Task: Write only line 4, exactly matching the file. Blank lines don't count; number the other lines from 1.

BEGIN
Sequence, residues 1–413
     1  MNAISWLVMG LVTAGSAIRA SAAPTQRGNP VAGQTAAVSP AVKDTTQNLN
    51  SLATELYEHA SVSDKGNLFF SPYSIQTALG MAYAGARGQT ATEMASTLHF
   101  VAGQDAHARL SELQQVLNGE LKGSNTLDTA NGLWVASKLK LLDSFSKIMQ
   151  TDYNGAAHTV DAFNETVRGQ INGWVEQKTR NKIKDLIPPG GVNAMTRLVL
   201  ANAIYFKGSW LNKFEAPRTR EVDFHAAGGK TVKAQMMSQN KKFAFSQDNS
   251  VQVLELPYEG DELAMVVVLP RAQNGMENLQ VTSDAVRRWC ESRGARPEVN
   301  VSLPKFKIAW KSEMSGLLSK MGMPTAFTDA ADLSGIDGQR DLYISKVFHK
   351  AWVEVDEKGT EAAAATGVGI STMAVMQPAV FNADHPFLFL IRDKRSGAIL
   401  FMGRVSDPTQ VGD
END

   101  VAGQDAHARL SELQQVLNGE LKGSNTLDTA NGLWVASKLK LLDSFSKIMQ